Artist who goes with flow of the mind

| Terence Chang 14 Feb 2019

Kebeyo Chen's father, husband and child all came with her to the Elements, where I met her for our face to face.

Like me, they were there to see her installation artworks.

The centerpiece was a six-meter-tall sculpture of a pig. Fish and flowers that "floated" in mid-air completed the picture.

And if you venture into the gallery, you can see her paintings too.

"My works are influenced by surrealist painter Dali. I like Dali's works, but I like architect Gaudi's designs even more," said the artist from Shanghai.

Her pig art is distinctive - red and gold aren't its predominant colors. It has an abstract feel to it too.

But the look of contentment on the pig's face is similar to artworks of pigs that I saw in other shopping centers.

She told me "it's a lot of fun" turning 2D drawings into 3D sculptures. "Those are two different perceptions, and that is where the fun of art lies.

"When I started an artwork from scratch, my mind is blank, then I go with my mind, turning images and ideas into paintings or sculptures.

"I don't do drafts. Once started, I couldn't stop until the work is done. Then I feel relieved," she said.

The pig sculpture I saw is emerging from seeds, with plants on its head and a crown in its "arms," an image that is at once fantastic and liberating.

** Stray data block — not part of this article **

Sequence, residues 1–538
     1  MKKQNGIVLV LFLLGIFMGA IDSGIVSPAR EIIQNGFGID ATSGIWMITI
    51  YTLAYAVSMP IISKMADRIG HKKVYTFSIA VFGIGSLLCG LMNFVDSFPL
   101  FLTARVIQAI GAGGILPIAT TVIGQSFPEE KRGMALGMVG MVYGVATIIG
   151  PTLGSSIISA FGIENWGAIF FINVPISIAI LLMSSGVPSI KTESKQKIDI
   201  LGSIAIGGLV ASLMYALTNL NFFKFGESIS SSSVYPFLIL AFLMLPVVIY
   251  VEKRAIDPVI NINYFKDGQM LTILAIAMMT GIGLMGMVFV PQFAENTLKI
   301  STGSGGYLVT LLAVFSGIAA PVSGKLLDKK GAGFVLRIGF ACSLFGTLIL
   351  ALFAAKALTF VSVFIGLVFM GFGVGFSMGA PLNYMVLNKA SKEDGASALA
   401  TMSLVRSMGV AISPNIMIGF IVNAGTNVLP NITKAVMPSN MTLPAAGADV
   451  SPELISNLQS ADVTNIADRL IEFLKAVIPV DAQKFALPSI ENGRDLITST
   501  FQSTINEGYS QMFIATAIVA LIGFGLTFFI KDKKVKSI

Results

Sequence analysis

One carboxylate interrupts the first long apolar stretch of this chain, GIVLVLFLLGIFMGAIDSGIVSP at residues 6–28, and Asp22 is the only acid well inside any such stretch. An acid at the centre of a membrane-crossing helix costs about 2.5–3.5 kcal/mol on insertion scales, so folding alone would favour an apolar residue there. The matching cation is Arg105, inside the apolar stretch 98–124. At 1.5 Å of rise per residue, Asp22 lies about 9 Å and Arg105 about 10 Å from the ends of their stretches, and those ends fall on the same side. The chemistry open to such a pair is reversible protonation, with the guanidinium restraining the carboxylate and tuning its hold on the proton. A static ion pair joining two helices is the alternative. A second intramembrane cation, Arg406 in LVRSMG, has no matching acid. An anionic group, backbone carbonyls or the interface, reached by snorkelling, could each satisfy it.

I think the seeds represent spring, a joyful time of the year when life starts anew everywhere.

Chen works differently than most other artists.

She said, "I think in reverse, and I don't have preconceived ideas of how a piece should turn out. It's like a tiny seed that eventually turns into a blooming flower. The outcome is splendid.

"That is the most precious part of the creative process. In the beginning, you don't know where it would take you."

In her studio in Shanghai, there is a four-by-one-meter table that was made from solid wood. On it, Chen has painted a picture.

But she hasn't taken the work to a gallery, but has been using the table as a workbench to do other painting work.

She said she didn't mind if that painting on wood got damaged.

After all, I surmised, that was just one product of her creativity, an unending stream of imaginative ideas that she said keeps on coming every day.

Terence Chang Cheuk-cheung is the retired headmaster of Diocesan Boys School

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